Monday, October 23, 2006

A compliment

Bear with me on this one. It's going to be hard describing what was going through my head. The ride home today was very crowded, more packed than usual. I'm guessing it partially had to do with the Oracle OpenWorld currently taking place in Downtown SF.

After going east in the Transbay Tube, no one got off at West Oakland. Then at the Oakland City Center station, quite a few people squeezed themsleves onto the trian, including an older man, appearing a little bit crippled and using a cane.

I didn't sit in one of the designated senior citizen or disabled seats, but I was just a row away from the train doors. I got up, asked the man if he would like to sit down, he kindly declined, I asked him again, and he explained that he had been sitting all day and that he'll be alright. I decided to respect his decision and sat back down (He later sat down in a senior seat after a passenger left at the next station).

A few moments later, a man dressed in a suit came up to me to tell me, "That was a really nice thing that you did, giving up your seat. You just don't see people doing that type of thing anymore." Since it was a crowded train, quite a few people heard. And whether true or not, it felt like there were people glancing at me for some sort of response. His compliment caught me by surprise- I didn't know how to respond. I studdered a bit, "oh, um, yeah, I felt it was something I should do." Let me tell you, however, what was going through my head at the point and after.

1) I don't always give up to everyone with gray hair. I've explained this in one of my first posts- I've had people (with gray hair) get mad at me for asking them if they need to sit down since they are not senior citizen age. However, I do give up my seat always (no matter where I am seated, like today, in a "regular" seat) for anyone who appears to be handicapped, pregnant, or a "true" senior citizen. So, his comment made me a little sheepish since I am not always so "noble".

2) I also felt weird that so many people were around while he said that. I didn't do it to get "attention". The worst part was, after that, at every stop, I felt obligated to give up my seat for anyone who looks like that might be around the 60+ age. I am not imagining this, but each time someone older walked in, I saw a couple people look at me to see if I will do something. Anyhow, I ended up just getting up and stood the rest of the ride. I rather not feel like I am "expected" to do the "right" thing.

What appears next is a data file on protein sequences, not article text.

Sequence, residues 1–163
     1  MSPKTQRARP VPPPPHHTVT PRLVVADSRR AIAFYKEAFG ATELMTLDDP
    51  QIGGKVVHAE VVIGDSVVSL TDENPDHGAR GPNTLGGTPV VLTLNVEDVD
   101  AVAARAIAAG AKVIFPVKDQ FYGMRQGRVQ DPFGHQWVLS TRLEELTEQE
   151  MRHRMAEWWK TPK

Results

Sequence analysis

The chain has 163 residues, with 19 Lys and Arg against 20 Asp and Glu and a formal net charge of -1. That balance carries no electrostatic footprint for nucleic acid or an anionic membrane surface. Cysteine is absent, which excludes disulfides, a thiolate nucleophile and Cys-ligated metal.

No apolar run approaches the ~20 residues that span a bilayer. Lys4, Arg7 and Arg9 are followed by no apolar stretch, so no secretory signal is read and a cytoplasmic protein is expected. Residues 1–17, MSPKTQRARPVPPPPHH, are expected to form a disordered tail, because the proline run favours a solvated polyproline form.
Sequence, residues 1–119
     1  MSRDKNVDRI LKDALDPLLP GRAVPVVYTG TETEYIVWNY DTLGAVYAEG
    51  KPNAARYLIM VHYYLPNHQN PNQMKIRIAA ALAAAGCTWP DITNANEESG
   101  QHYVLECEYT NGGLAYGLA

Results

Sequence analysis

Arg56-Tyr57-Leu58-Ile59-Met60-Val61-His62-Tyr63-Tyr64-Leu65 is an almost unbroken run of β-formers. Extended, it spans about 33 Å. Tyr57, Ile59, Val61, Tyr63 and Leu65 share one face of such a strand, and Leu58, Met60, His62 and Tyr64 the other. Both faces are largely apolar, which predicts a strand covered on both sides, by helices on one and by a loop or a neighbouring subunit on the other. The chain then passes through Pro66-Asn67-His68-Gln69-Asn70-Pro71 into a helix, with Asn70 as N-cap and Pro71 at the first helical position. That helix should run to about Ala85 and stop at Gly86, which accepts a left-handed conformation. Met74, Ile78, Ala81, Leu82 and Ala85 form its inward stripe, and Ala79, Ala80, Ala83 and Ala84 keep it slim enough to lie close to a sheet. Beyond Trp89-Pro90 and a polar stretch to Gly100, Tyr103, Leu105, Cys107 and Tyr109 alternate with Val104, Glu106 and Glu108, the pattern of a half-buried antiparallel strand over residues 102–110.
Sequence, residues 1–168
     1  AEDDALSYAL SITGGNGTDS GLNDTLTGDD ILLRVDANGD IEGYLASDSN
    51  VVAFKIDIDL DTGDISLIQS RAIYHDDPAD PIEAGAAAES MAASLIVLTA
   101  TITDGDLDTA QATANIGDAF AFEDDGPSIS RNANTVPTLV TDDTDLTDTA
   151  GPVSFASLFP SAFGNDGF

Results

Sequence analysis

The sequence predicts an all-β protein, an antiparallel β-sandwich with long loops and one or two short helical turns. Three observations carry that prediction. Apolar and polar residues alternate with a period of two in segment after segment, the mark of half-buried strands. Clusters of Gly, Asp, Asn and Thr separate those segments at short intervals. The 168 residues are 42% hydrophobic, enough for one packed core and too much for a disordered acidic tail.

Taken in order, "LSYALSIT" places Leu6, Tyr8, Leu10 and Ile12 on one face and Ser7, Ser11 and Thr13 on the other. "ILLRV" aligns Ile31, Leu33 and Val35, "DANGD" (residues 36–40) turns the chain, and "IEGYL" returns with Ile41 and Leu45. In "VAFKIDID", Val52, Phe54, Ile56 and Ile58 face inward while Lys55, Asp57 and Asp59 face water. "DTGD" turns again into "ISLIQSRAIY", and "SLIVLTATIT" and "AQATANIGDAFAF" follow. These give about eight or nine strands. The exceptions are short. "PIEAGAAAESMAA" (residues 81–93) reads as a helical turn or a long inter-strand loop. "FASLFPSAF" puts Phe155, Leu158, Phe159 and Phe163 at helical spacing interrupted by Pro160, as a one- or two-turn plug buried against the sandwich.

Weird thought process, I know. You just have to be there to understand I guess. It's sad that giving up a seat to someone who is more in need has become such a rarity that it needs to draw attention. If you refer back to all the comments going back and forth in my previous posts about giving up your seat to the handicapped, seniors or pregnant women, you'll realize how selfish our society has become.


Anonymous said...

You've just had a view into the world that I, as a under-40 male, live in everyday. I cannot sit anywhere near the train doors for the constant uncomfortable feeling that I should give up my seat for every woman, older person, handicapped, etc, person that enters the train. I always sit at least a row or two from the doors just to be comfortable while sitting....

Anonymous said...

I don't understand your reasoning in many of your posts. Why don't you just ride a few stations back in the evenings and then get an inside seat near the middle of the car. All of your BART seating problems would be solved!! But then again you wouldn't have anything to post about. Never mind.